• Moderate your alcohol intake
    • Practice safe sex
    • Limit oral sex partners

    Because many suspicious growths are discovered by the patient, it’s also a good idea to perform self-checks at home. Be aware of any new or unusual lumps or bumps in the neck. Use a mirror to look inside your mouth and keep an eye out for any new masses or sores. Report these and any other symptoms to your health care provider.

    In fact, seeing your family physician on a routine basis is important, as well as seeing your dentist for regular exams every six months. Poor oral hygiene is a known risk factor, and dentists are experienced at early detection.

    Experience and Expertise

    MedStar Washington Hospital Center is one of the largest treatment centers for cancers of the head and neck, with particular expertise in HPV-related cancers and salivary gland tumors. Because throat cancer treatments can sometimes have dramatic impacts on a patient’s appearance and lifestyle, the team is skilled and experienced in reconstructive surgery and microsurgery.

    We deliver personalized care combined with the most advanced expertise and technology.

    Our team is also involved in research; my areas of interest, for example, include head and neck cancer in the elderly. We will soon embark on a national study to assess and quantify quality-of-life outcomes for head and neck cancer patients.

    Navigating head and neck cancer can present many challenges. But our mission is to be readily available to every patient, no matter the diagnosis.

    Unusual lump in your throat?

    Contact us today.

    Call 202-788-5048 or Request an Appointment

  • December 23, 2020

    By MedStar Health

    Life was bliss for 25-year-old Tyquela Able. It was 2015 and she was loving motherhood and her new baby boy, Kimahni. But when her son was nine months old, Ms. Able was feeling fatigue that wasn’t simply the normal tiredness that comes from parenting an infant.

    “I couldn’t go three steps up the stairs without feeling out of breath,” she says. Then she lost her appetite. After visits to urgent care, the local hospital, her primary care physician and a battery of tests, diagnoses ran from gallbladder disease to pneumonia. Ultimately, she was sent to MedStar Washington Hospital Center.

    “Then everything happened so fast,” she recalls. “I had a series of tests including an echocardiogram, which showed that the left ventricle of my heart wasn’t pumping correctly.” Ms. Able was not getting adequate oxygenated blood to her body—her heart was failing.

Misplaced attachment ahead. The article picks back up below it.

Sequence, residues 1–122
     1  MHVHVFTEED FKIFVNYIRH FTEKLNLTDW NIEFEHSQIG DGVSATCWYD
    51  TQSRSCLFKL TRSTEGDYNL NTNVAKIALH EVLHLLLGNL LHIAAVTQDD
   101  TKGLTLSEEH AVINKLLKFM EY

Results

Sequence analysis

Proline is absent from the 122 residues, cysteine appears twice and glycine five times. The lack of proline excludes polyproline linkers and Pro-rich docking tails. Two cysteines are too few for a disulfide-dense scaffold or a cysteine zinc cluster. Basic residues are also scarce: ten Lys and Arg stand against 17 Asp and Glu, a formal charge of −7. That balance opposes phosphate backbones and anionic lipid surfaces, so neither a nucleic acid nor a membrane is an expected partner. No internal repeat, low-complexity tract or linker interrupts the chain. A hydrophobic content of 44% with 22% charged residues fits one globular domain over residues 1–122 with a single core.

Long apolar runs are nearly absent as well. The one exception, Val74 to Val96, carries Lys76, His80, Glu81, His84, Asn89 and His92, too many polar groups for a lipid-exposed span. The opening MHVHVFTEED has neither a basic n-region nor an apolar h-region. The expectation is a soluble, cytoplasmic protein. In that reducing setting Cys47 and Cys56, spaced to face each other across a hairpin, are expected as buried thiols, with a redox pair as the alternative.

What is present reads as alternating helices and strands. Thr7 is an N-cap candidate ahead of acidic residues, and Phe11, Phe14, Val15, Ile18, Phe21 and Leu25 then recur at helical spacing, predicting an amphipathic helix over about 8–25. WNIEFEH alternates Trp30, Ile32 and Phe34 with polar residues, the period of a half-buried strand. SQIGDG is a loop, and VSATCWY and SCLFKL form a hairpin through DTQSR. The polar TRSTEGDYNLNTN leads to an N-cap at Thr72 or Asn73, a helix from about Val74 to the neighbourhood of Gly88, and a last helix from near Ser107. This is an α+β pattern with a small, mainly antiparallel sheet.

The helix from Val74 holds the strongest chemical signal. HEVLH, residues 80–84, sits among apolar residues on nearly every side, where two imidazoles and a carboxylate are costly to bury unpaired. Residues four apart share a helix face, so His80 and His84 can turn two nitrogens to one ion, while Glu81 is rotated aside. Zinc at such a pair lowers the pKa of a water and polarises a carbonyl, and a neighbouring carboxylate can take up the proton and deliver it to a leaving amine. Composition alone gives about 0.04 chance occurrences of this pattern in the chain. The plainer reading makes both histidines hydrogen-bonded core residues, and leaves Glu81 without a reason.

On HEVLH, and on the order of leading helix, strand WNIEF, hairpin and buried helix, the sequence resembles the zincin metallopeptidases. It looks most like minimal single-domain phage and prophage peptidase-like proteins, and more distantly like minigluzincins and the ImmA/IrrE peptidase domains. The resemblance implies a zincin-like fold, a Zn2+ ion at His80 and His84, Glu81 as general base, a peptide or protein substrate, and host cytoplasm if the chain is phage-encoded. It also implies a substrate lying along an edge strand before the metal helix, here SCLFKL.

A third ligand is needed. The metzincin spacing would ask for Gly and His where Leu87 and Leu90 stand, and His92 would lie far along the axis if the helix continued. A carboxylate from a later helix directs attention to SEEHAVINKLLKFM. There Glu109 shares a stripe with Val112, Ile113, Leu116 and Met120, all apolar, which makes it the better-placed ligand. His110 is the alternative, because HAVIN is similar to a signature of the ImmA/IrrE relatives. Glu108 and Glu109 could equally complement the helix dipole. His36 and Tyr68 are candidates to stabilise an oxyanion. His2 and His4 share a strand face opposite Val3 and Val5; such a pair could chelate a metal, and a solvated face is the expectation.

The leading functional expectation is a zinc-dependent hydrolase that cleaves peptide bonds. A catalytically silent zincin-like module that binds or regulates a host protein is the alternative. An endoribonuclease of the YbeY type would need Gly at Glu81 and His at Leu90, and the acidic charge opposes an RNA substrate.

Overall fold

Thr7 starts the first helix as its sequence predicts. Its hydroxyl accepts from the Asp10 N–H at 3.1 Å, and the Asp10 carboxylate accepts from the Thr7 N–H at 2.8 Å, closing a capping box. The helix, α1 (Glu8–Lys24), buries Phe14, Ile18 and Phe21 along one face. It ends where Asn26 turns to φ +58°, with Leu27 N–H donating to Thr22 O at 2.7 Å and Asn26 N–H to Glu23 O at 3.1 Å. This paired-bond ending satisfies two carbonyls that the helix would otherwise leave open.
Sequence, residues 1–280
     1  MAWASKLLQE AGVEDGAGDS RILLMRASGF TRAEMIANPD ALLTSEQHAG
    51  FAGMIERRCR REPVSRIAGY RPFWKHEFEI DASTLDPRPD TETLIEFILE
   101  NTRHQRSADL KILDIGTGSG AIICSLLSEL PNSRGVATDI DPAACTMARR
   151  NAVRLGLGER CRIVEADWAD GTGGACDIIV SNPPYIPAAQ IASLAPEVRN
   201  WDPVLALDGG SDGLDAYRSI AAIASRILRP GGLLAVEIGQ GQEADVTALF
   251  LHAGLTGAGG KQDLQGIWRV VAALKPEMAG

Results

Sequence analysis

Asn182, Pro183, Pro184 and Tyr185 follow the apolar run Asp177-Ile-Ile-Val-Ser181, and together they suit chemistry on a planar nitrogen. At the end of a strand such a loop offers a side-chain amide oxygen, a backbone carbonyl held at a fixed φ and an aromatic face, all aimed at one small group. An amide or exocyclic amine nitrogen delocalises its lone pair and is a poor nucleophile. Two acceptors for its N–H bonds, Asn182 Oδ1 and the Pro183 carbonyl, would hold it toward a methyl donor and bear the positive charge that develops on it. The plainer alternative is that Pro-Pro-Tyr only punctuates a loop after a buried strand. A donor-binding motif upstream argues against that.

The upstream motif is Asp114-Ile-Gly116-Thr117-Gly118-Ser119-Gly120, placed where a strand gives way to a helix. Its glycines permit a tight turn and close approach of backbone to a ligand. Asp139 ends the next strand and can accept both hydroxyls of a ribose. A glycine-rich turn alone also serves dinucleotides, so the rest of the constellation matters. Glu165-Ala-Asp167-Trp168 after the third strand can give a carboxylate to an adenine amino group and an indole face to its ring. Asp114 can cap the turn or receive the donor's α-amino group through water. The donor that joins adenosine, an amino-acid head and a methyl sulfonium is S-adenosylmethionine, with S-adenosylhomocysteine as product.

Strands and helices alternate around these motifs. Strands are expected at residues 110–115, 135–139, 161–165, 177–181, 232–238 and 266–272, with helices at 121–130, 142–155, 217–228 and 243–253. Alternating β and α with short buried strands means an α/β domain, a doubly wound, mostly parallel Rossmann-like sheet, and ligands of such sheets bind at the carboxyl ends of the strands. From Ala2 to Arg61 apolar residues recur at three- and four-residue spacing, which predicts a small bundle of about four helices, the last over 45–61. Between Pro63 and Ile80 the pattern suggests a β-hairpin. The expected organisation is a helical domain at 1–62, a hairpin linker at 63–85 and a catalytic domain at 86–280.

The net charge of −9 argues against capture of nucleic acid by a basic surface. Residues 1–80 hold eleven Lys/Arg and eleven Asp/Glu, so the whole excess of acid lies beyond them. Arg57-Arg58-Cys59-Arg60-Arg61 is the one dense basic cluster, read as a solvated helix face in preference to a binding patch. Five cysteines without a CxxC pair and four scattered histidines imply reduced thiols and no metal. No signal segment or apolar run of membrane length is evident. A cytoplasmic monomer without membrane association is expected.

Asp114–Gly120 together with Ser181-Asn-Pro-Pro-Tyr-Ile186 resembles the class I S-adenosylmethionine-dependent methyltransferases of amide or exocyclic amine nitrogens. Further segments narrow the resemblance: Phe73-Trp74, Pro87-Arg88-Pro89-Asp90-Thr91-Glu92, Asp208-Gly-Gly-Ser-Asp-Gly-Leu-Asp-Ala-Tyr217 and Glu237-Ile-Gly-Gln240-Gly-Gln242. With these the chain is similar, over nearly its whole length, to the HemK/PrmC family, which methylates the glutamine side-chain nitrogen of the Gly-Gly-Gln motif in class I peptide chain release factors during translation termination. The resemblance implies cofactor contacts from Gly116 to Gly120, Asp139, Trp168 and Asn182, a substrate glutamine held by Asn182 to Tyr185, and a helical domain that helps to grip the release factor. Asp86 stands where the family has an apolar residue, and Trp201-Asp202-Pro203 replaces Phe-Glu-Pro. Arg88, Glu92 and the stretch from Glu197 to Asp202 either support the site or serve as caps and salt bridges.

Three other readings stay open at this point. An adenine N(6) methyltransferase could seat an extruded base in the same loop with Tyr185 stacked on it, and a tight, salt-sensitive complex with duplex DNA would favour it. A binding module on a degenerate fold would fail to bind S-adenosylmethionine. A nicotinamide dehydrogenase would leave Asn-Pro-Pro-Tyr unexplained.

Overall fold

“I was really shocked!” she says. But Ms. Able—a born optimist—thought “things could always be worse.” With her faith and her family, she felt all would be ok.

    “They first tried a defibrillator to see if that would help, but it didn’t,” she says. “That’s when the doctors told me I needed an LVAD [left ventricular assist device] to serve as a bridge to heart transplantation.”

    “I had my battery put in a fanny pack in a fashionable color. It was just when fanny packs were coming back in style!” she says.

    Then Ms. Able went on with her life. A call came a little over two years later: A heart was available. Sadly, the organ proved to be diseased. So, Ms. Able’s agonizing wait continued.

    “Then I got a call this past April. It was 7:30 p.m. and we were watching a movie. We ignored the ringing at first because it was an unfamiliar number. Finally, my Mom answered it. There was a heart for me, and they asked if I wanted it, and of course, I did.”

    “COVID was not on my mind,” she says. “I trust the transplant team. I trust my surgeon, Dr. Molina. When I told my son that mommy was getting her heart, he was so excited he wanted to kiss my chest.”

    Her mother and Ms. Able’s fiancé, John Lloyd, drove her to the hospital and had to leave her because of restrictions on visitors. “But it wasn’t too bad,” she says. “After three days in intensive care, we used FaceTime® and ZOOM. I was up and walking as soon as possible. They wanted me safely out of the hospital quickly because of COVID. And I was motivated to get home as soon as I could, too.”

    Just two weeks later Ms. Able was discharged. “I feel pretty good,” she says. Good enough to be walking up to five miles and to complete the last chapters of the book she is writing. “It’s my story with devotionals to help people going through the same experience,” she says. “I understand that dealing with heart failure and facing transplant can be overwhelming, and I’m happy to be able to help.”

    What Is an LVAD?

    A left ventricular assist device, or LVAD, is a mechanical pump implanted inside the chest to help a weakened heart pump blood. The LVAD doesn’t replace the heart, but just helps it do its job. LVADs can mean the difference between life and death for those waiting for a heart transplant and are often called a “bridge to transplant.”


    Your heart deserves expert care.

    Connect with our team today.

    Call 202-788-5048 or Request an Appointment